Vascular Plants of North Carolina
Account for Pond Cypress - Taxodium ascendens   Brongniart
Members of Cupressaceae:
Members of Taxodium with account distribution info or public map:
Google Images
Section 3 » Order Pinales » Family Cupressaceae
Show/Hide Synonym
DistributionScattered over most of the Coastal Plain, but primarily found in the southern third (Harnett to Pender counties and southward); widely present north to Albemarle Sound, but hardly any records for counties along the VA border.

This Coastal Plain species ranges north to southeastern VA, and south to southern FL and LA. There are a few Piedmont reports from south and west of NC, perhaps incorrectly.
AbundanceLocally common in parts of the southern Coastal Plain, including the Sandhills, especially in Carolina bays, impoundments, and slow-moving or standing blackwater areas. Mostly uncommon and local in the northern two-thirds of the Coastal Plain.
HabitatThis is a species of standing or slowly moving blackwater areas – Carolina bays, limesink ponds, impoundments and beaver ponds, wet pocosins, and portions of blackwater floodplains, mostly in backswamps. It can occur with the very similar Bald Cypress (T. distichum), though that species has a wider habitat range, to also include brownwater swamps and more flowing waters. Some trees along some blackwater rivers, such as lower Drowning Creek and Lumber River, possess leaf features of both taxa (Sorrie, pers. obs.) and will not key cleanly.
PhenologyFlowers in March and April; fruits in October.
IdentificationThe two cypresses (Taxodium) can be easily confused, and many references consider them conspecific, though of separate varieties. This species is a small to often medium deciduous tree, usually reaching about 50 feet tall. (Note that the two cypress species are our only deciduous native conifers.) Both cypresses have wide buttresses, and often show exposed “knees” sticking out of the water; but this species has small, needle-like leaves that are appressed to the stem, such that the ends of the twigs are somewhat pencil-sized and often erect, with leaves hard to spot at any distance. (Bald Cypress has “feather-like” leaves in two ranks, though young branches and sprouts often have leaves as in Pond Cypress.) The key is that all leaves of Pond Cypress are appressed, whereas some to most (if not all) leaves of Bald Cypress are feather-like with flattened sprays. For identification, it is best to use leaves from the upper portion of the tree. Pond Cypress has smaller round cones (usually less than 1 inch across) and a paler color to the bark, but -– in reality -– you must carefully look at the leaves and needles. It is also advisable to look at a stand of trees, and not just a single tree, to be sure of identification.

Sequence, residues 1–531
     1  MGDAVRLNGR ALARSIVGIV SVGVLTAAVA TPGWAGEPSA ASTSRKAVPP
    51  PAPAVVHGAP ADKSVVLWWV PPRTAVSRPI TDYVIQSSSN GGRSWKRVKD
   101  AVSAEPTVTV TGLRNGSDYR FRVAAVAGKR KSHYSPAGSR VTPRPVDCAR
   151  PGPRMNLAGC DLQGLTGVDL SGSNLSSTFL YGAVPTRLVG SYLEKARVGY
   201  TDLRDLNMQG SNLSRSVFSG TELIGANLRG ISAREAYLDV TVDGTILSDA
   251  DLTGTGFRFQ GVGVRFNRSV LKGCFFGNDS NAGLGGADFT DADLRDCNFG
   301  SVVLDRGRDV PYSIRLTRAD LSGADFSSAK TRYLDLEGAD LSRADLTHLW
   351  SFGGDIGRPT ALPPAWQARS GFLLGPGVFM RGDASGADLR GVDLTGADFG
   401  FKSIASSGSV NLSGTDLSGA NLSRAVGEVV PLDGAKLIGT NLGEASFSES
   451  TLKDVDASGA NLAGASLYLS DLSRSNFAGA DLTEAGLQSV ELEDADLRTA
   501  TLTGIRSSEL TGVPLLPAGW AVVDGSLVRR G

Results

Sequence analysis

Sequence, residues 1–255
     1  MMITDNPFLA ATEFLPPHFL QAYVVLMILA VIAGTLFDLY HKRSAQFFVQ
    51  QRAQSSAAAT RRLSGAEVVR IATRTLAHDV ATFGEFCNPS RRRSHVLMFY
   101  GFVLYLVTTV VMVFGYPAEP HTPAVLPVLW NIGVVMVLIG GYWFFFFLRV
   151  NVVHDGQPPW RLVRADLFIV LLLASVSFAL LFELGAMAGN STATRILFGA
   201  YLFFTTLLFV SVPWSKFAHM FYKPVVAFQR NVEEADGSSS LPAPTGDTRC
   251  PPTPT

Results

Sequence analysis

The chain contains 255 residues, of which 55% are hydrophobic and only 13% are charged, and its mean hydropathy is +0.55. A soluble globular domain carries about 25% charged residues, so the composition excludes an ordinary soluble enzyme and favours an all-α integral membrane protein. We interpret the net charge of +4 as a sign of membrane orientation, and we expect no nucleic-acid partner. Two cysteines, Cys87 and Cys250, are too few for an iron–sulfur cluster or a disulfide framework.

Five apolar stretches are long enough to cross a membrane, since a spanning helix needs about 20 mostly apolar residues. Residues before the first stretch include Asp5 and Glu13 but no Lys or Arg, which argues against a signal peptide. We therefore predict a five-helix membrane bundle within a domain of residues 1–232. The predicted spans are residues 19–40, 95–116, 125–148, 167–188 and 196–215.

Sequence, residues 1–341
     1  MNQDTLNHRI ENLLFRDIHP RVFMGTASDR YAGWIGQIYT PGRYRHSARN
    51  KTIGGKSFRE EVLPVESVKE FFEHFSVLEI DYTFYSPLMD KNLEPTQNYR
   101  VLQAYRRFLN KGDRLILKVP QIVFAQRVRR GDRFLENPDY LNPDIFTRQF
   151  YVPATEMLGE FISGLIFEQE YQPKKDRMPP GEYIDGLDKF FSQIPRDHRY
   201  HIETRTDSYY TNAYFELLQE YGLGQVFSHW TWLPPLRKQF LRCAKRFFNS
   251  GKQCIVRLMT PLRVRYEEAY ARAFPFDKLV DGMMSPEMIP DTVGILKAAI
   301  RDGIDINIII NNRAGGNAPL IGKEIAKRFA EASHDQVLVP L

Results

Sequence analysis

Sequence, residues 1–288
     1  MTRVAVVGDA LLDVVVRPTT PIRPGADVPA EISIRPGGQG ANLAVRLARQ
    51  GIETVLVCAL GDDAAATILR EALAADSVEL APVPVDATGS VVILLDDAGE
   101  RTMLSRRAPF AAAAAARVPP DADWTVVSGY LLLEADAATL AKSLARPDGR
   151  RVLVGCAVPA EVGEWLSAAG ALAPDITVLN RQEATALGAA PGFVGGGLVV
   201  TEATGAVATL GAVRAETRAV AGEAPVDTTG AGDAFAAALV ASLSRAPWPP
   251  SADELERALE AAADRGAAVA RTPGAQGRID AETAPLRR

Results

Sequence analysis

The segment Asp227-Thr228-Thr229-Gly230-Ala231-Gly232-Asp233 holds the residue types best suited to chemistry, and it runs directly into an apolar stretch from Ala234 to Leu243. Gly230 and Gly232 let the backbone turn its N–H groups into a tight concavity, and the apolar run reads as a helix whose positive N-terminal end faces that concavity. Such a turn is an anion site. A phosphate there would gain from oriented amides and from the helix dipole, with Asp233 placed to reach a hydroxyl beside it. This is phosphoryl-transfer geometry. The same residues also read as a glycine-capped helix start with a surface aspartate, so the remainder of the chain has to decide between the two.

Taxonomic CommentsAs mentioned above, seemingly half of the references still include both cypresses under one species as Bald Cypress, with this form being T. distichum var. imbricarium or as T. distichum var. nutans (but interestingly not as var. ascendens).

Other Common Name(s)Often written as Pond-cypress, as these two species are not true cypresses (mostly in the genus Cupressus).
State RankS4
Global RankG5
State Status
US Status
USACE-agcpOBL link
USACE-empOBL link
County Map - click on a county to view source of record.
Photo Gallery
B.A. SorrieFlowering tree, Jones Lake SP, Bladen County.
B.A. SorrieDwarfed tree, Waccamaw River pooch. ColumbusPhoto_natural
B.A. SorrieAntioch Bay, 1990s.
B.A. SorrieSouthern Moore Co., large tree in Horse Creek swamp.
Select a source
Select an occurrence type